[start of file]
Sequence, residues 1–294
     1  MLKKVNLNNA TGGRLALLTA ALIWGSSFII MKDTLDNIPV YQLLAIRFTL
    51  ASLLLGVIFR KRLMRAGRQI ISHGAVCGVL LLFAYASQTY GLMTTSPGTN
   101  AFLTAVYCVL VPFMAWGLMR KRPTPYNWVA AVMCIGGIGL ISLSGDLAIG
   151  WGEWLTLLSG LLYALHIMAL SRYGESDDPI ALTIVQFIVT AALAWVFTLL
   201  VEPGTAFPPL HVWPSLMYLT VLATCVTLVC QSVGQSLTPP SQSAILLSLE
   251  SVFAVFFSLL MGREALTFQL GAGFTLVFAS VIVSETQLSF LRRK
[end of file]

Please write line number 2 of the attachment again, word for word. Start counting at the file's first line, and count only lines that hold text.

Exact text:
     1  MLKKVNLNNA TGGRLALLTA ALIWGSSFII MKDTLDNIPV YQLLAIRFTL